- The Washington Times - Friday, February 21, 2003

WASHINGTON, Feb. 21 (UPI) — President George W. Bush and Spanish Prime Minister Jose Maria Aznar were breaking bread Friday night in Texas at the start of an overnight visit for talks on Iraq and possible language in a proposed Security Council resolution that would be a diplomatically justifying document for military action against Iraqi leader Saddam Hussein.

Administration officials said the actual working sessions at the president's ranch in Crawford would take place Saturday morning.

"Spain has been a staunch ally in the war on terrorism and a valuable member of NATO," spokesman Ari Fleischer had said. "Prime Minister Aznar has personally demonstrated great courage and leadership within Europe and the United Nations Security Council in pressing Iraq to disarm peacefully."

Fleischer said Friday that proposed language on a second resolution to Resolution 1441 — passed unanimously in November with U.S. prodding — would be tabled at the Security Council next week by the United States and Britain.

Resolution 1441 calls for Iraq's disarmament beginning with the return of the inspectors for the first time in four years and threatening "serious consequences" if Saddam failed to cooperate.

The new resolution's phrasing, still undecided, was being discussed with allies and "I think you can anticipate that that will be a topic of discussion" with Aznar, Fleischer said.

Aznar is facing increasing political heat from the Spanish public and his ruling Partido Popular over his support of Washington and the need for military action to disarm Iraq.

Unlike British Prime Minister Tony Blair, who faces similar dissension, Aznar's personal political fortunes are not at stake — he has already announced he will not run for re-election when balloting takes place in 18 months.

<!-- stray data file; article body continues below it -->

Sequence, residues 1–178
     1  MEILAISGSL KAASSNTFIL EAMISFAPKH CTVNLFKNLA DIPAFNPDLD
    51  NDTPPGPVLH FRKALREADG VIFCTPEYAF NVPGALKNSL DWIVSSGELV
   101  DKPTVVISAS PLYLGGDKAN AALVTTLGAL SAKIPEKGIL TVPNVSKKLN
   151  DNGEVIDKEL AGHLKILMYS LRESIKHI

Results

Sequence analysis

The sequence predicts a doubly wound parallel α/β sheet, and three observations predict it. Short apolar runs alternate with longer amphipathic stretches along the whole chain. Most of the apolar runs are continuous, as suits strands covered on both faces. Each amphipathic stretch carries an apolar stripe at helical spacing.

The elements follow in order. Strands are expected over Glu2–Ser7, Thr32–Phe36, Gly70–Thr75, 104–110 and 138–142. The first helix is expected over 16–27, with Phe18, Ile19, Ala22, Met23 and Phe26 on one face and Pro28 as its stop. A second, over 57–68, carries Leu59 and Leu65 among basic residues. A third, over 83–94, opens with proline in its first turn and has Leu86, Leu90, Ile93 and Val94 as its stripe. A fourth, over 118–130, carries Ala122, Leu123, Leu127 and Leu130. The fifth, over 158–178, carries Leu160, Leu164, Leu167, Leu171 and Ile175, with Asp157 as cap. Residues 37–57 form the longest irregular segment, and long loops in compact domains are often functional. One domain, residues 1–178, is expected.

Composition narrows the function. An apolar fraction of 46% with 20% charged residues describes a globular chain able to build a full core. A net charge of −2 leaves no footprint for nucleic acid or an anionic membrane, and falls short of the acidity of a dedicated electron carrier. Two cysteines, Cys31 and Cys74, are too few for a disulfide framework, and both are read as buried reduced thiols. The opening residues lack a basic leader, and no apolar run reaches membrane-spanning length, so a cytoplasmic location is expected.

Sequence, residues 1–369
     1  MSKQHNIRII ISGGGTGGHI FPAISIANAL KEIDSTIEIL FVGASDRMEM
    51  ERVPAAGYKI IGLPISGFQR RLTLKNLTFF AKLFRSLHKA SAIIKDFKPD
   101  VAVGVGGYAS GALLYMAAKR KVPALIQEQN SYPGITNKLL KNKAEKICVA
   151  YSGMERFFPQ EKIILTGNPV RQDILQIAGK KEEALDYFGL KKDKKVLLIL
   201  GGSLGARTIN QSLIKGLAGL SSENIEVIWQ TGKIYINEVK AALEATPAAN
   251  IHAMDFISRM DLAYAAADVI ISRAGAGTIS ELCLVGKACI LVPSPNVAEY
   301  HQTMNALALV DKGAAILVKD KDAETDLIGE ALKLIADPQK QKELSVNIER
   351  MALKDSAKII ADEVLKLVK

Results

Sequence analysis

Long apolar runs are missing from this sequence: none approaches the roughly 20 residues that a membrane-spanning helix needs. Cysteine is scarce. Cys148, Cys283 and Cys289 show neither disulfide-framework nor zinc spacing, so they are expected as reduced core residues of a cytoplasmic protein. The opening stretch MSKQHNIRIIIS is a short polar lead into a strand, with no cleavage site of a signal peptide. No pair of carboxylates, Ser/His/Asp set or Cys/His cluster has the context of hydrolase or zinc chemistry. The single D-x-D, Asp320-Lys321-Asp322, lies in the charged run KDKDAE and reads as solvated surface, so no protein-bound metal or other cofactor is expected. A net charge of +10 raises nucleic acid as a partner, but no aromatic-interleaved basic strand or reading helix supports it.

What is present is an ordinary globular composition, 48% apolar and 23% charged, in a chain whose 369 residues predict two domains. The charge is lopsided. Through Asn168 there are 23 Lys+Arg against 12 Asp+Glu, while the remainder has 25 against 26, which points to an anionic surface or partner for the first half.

Aznar's visit to Prairie Chapel Ranch caps a day of personal diplomatic outreach by Bush, who has made it clear he will lead a "coalition of the willing" to disarm Iraq with or without further U.N. sanction.

Earlier Friday Bush spoke by telephone on the Iraq crisis with the emir of Kuwait, Sheikh Jaber al-Ahmed al-Sabah, and Kuwaiti Foreign Minister Sheikh Sabah al-Ahmad.

Fleischer said they "discussed the importance of working together concerning the threat that Saddam Hussein poses to the region."

Kuwait was invaded and occupied by Iraq in 1990. The United States led a coalition of forces that pushed the Iraqis out the following year.

The emirate is now the main staging area for U.S. troops in the event of war with Iraq over its continued defiance of disarmament mandates.

Bush also spoke Friday with U.N. Secretary-General Kofi Annan and "expressed his continuing support for the United Nations Security Council and stressed the importance of working with the United Nations Security Council on the situation concerning Iraq," the White House spokesman said.

Bush has repeatedly prodded the United Nations to get tough with Iraq and enforce its mandates to retain its relevance to world peace. To allow Iraq to continue its 12-year "cat-and-mouse" game on hiding weapons of mass destruction and deception in meeting its obligations would undermine its credibility, Washington argues.

Fifteen nations serve on the Security Council; five are permanent members with veto powers, while the others serve on a rotating basis.

France, China and Russia — permanent members — are opposed to employing force against Iraq and want U.N. weapons inspectors to be given more time to carry out operations in the country that resumed in December after a four-year hiatus.

Bush says a new Security Council resolution finding Iraq in material breach of Resolution 1441 would be welcomed, but its absence would not prevent him from acting to protect U.S. and international security.

U.N. inspectors have said Iraq is not complying fully with its promises to prove its claim of disarmament. Inspectors have also found missiles, a violation of U.N. mandates.

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